Lucy thought she’d found the perfect gift idea, but ended up throwing $150 down the drain after being stung by a regular fall.
When Lucy* bought a gift certificate for a friend for the Metropolitan Museum of Art store in Sydney, she thought she had come up with the perfect gift idea.
But there was just one problem: the purchase coincided with the Covid pandemic and subsequent prolonged lockdowns, and by the time Sydney reopened, the store had closed.
Lucy contacted the US-based parent store and was told the voucher could be redeemed there, but expensive postage meant nearly the entire $150 value would be swallowed up by freight alone.
“Since the store still existed and they had respected their coupon, I couldn’t do anything,” she said.
“That’s $150 I’ll never see again.”
Sadly, Lucy is just one of countless Aussies stung by gift card issues, which have become even more common during the pandemic.
In fact, gift card expiration dates became such a mess for Australians that in 2019 Australia’s Consumer Act was amended to require most gift cards or vouchers to be sold with a mandatory minimum expiration period of three years.
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The adjustment was badly needed, with research by comparison site Finder dated December 2021, which found that the average Aussie had $95 worth of gift cards languishing in drawers — the equivalent of a whopping $1.8 billion national spend.
An ACCC spokeswoman told news.com.au that there are a number of requirements under Australia’s consumer law around the delivery of gift cards.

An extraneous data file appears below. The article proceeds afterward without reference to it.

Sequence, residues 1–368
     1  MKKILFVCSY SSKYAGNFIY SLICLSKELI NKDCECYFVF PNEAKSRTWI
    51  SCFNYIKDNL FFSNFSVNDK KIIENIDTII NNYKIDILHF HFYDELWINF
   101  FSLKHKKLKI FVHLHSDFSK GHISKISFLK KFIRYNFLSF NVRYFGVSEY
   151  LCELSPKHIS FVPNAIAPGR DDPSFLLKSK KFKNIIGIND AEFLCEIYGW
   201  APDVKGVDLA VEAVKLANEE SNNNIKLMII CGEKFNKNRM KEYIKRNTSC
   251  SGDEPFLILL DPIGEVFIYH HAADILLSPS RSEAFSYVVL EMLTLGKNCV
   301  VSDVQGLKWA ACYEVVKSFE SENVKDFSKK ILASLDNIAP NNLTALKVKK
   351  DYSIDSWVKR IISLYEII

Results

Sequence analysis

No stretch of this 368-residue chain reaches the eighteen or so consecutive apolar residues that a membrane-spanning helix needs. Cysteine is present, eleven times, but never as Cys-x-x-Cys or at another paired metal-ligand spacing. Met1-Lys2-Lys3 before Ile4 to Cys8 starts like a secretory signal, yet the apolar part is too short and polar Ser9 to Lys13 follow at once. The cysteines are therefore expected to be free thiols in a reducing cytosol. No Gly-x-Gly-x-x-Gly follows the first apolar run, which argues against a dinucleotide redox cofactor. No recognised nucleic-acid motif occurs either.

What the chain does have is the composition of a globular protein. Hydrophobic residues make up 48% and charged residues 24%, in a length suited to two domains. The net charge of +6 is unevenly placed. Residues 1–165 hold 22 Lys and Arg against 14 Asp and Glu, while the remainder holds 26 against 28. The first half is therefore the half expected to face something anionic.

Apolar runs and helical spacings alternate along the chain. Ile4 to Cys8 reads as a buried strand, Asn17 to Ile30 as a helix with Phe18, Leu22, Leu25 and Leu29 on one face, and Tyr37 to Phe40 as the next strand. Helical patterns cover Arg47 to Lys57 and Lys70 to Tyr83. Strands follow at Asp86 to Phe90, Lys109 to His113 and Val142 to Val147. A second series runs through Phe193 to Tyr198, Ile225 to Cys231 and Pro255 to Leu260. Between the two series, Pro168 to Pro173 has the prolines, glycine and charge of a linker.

There are some exceptions to these requirements, but in general, gift cards should now have an expiration period of at least three years, clearly display the expiration date, and have no post-delivery charges.
“The ACCC expects all businesses to respect and extend gift card expiration dates to cover any period the card could not be used due to the business’s closure,” the spokeswoman said.
“During the Covid-19 lockdowns, many businesses were able to trade in some capacity, so in many cases consumers could still use their gift card or voucher even if the company’s physical stores were closed.
“However, if consumers were unable to use a gift card or voucher due to the company’s requirements – for example, that the gift card could only be used for purchases in a brick-and-mortar store, even if the company only traded online during the Covid-19 restrictions – the ACCC expects the company to provide gift card consumers with some form of remedy.”
The spokeswoman said that if a company has gone insolvent, consumers with gift cards will generally become unsecured creditors.
“What consumers are entitled to in these circumstances depends on the administration process,” she said.
Otherwise, if a consumer cannot resolve a gift card issue with a retailer, they should contact their state or area fair trade office, who may be able to assist with their dispute.
“Consumers can also report their problem to the ACCC.”
Sarah Megginson, senior money editor at Finder, told news.com.au there was only limited leeway for those affected by Covid lockdowns.
“If the company was still trading to some degree during the pandemic, they could claim that the voucher can be redeemed online if they have a digital store,” she explained, encouraging consumers who were unsure to get in touch. with the retailer for clarification.
“Despite closing dates being extended, gift cards can be easily forgotten if buried in a drawer or purse,” said Ms. Megginson.
“Keep your cards and credits in one place so they don’t get lost. This makes it easier to find them when you need them.
“Setting a reminder in your phone before the expiration date also ensures that you don’t forget to use it.”
* Name has been changed
#Aussie #reveals #rip